Court of Appeal of Quebec

Commission de la construction du Québec c. Nordmec Construction inc.

Mainville, Healy, Cournoyer


Appeal from a judgment of the Superior Court quashing a search warrant obtained from a presiding justice of the peace. Dismissed.

On the basis of the connecting factors set out under s. 102 of the Code of Penal Procedure (CQLR, c. C-25.1), the trial judge ruled that the presiding justice of the peace, sitting in the judicial district of Montreal, did not have the required territorial jurisdiction to issue the impugned search warrant because the search at issue had to be executed at the respondent’s head office, which is located in the district of Terrebonne, where the alleged offence was committed. The Commission de la construction du Québec (CCQ) considers that the trial judge erred in law in finding that the offence set out in s. 122(4) of the Act respecting labour relations, vocational training and workforce management in the construction industry (CQLR c. R-20), namely forwarding false or inaccurate reports to the CCQ, was committed in the place where the reports at issue were sent, not where they were received. The CCQ also argues that by virtue of s. 172 of the Court of Justice Act (CQLR, c. T-16), which provides that they have jurisdiction throughout Quebec, presiding justices of the peace can issue search warrants for all judicial districts, irrespective of the connecting factors under s. 102 of the Code.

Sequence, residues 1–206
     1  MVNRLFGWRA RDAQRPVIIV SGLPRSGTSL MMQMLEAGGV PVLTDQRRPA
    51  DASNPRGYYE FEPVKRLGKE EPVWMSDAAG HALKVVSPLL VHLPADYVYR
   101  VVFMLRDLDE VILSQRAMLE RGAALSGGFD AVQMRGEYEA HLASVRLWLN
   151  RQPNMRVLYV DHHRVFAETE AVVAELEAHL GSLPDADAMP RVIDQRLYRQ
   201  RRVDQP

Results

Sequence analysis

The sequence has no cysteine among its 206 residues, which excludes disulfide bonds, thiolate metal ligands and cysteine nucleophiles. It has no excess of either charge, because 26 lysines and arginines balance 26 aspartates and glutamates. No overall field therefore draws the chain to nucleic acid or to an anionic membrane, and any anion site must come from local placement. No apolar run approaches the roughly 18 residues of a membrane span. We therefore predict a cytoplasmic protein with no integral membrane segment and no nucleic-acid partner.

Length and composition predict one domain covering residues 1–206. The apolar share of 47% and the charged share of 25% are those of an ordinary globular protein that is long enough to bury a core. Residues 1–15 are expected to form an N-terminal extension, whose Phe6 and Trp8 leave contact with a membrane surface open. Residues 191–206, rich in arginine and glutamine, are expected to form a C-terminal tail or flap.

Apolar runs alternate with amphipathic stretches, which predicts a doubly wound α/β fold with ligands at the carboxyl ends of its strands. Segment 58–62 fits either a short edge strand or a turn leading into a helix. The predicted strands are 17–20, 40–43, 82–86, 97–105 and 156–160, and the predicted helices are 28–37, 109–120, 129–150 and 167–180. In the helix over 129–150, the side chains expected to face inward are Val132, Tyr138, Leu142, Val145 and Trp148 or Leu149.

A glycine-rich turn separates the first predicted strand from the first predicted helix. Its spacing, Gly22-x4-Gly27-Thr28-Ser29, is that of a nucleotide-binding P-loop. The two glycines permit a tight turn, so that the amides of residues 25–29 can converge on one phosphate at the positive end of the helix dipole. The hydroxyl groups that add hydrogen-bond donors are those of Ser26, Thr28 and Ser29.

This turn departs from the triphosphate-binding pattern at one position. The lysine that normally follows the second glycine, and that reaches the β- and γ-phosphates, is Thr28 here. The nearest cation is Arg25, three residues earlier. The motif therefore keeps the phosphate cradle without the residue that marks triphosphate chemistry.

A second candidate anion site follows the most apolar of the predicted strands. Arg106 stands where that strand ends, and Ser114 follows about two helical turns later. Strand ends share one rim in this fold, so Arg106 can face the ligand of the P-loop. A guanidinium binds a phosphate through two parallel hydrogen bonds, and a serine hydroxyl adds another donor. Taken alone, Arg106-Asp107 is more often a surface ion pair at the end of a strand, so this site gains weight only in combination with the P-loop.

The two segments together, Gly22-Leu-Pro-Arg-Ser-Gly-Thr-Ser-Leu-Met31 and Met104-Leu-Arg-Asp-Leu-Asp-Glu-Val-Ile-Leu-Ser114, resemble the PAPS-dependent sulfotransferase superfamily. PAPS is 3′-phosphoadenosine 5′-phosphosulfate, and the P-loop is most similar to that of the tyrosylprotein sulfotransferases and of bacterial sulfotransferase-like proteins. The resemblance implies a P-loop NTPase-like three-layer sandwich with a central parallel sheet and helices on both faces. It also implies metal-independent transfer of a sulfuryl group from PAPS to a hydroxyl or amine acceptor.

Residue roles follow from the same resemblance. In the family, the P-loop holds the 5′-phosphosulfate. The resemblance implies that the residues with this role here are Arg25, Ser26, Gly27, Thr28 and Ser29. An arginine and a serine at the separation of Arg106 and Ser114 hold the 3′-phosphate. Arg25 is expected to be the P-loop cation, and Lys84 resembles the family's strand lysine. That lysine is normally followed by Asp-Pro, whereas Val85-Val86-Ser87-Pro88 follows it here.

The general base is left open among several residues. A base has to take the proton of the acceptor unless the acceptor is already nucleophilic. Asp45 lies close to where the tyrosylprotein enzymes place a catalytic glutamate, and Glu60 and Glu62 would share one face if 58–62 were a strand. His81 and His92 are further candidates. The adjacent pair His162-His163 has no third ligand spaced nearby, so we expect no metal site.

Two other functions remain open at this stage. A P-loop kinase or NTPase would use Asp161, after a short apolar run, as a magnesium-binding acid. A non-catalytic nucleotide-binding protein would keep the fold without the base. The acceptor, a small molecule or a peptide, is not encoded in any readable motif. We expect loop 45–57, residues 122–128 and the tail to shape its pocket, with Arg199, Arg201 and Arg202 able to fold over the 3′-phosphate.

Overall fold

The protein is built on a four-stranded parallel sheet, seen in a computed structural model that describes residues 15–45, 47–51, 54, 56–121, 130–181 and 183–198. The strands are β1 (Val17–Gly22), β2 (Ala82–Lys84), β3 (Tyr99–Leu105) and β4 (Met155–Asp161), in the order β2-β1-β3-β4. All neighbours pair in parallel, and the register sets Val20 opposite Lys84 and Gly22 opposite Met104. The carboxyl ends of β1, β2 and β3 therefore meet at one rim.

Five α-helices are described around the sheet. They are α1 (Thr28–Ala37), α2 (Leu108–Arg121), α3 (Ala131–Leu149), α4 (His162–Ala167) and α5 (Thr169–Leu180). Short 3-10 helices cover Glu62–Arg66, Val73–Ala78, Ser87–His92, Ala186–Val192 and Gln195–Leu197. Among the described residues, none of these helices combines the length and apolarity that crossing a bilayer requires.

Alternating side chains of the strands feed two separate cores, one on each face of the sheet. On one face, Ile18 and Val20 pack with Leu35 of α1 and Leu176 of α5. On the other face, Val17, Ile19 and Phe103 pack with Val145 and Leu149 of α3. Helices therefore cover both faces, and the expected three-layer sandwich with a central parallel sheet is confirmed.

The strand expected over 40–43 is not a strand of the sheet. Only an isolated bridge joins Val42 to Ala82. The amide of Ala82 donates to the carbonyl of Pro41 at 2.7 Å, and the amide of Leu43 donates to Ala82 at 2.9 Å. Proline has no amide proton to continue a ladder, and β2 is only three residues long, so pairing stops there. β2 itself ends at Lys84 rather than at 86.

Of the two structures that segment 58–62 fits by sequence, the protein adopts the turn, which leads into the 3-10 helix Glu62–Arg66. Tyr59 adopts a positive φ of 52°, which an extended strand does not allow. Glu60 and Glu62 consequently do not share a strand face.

Contrary to the CCQ’s position, since the offence at issue involves the transmission of false or inaccurate information or documents, and not the receipt of that information or documents by the CCQ, the offence was committed at the place of sending. Moreover, unless there is probative factual evidence to the contrary, it is reasonable for the CCQ and the courts to infer that the electronic transmission of the reports required from contractors takes place at their head office, or at least under the effective control of employees at that head office.

Furthermore, s. 172 of the Court of Justice Act does not have the scope that the CCQ assigns to it. The interpretation proposed by the CCQ deprives the terms relating to judicial districts used in s.  102 and several other provisions of the Code of Penal Procedure of any meaningful effect, which is contrary to the applicable rules of interpretation. The jurisdiction of presiding justices of the peace to issue a search warrant must be exercised in the judicial district where the search is to be executed or where the alleged offence was committed. It must be added that s. 105 of the Code of Penal Procedure allows a validly “issued” search warrant to be “executed” in other judicial districts without the need for additional judicial authorization.


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